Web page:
While now more than ever, kids have broad access to diagnosis and treatment of chronic conditions, it also seems that complaints among young people of chronic pain are on the rise, a new study has observed.
Resulting in missed school, abandoned extracurricular activities and other withdrawal from normal childhood activities, chronic pain not only has short-term consequences, but could lead to longer-term difficulties with anxiety and similar conditions. The data was culled by researchers from more than 32 epidemiological studies and found that “persistant and recurrent chronic pain” was becoming a larger problem since researchers began to collect data in 1991, and that there were some notable patterns in the data. Researcher Sara King, PhD, an Assistant Professor at Mount Saint Vincent University in Halifax, Nova Scotia, commented on the findings:
“We found that persistent and recurrent chronic pain is overwhelmingly prevalent in children and adolescents, with girls generally experiencing more pain than boys and prevalence rates increasing with age. Findings such as these argue that researchers and clinicians should be aware of the problem and the long-term consequences of chronic pain in children.”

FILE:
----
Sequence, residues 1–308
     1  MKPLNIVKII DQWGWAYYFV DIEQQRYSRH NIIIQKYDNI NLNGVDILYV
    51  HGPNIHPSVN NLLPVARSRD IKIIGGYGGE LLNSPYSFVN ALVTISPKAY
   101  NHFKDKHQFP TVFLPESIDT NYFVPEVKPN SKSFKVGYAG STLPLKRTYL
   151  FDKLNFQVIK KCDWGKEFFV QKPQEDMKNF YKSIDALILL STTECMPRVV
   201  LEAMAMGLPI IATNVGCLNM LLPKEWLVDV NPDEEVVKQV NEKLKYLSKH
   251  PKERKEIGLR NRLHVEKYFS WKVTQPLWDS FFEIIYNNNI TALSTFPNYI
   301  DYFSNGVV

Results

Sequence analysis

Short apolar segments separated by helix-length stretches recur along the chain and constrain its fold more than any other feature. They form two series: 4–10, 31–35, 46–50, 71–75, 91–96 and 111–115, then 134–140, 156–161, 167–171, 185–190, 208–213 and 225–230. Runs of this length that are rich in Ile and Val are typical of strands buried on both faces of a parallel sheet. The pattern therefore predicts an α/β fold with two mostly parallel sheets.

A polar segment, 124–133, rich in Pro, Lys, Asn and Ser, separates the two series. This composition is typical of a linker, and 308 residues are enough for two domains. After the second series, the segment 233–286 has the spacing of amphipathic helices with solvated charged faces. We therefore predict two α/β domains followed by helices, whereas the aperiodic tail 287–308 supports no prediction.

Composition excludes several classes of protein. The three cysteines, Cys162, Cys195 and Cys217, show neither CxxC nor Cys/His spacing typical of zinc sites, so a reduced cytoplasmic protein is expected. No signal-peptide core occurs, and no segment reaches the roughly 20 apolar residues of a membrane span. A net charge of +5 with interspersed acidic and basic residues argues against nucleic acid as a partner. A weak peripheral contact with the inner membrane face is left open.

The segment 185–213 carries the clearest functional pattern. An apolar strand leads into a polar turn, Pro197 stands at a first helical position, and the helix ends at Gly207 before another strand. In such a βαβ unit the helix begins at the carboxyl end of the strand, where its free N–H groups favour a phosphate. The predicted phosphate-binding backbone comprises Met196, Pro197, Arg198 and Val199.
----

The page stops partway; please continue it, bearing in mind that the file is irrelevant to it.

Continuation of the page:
The types of pain measured by the study include what may seem to be garden variety child and teen complaints, including stomach ache or abdominal pain, back pain, headaches, combined pain, musculoskeletal pain and general pain. Researchers considered psychosocial variables- included among them were socioeconomic status, anxiety, low self-esteem and depression. King noted:
“By shifting focus to factors associated with chronic and recurrent pain, it may be possible to identify the most salient risk factors, leading to early and intensive interventions for the most at-risk groups.”
In the study, headaches were the most commonly cited form of chronic pain in children and teens.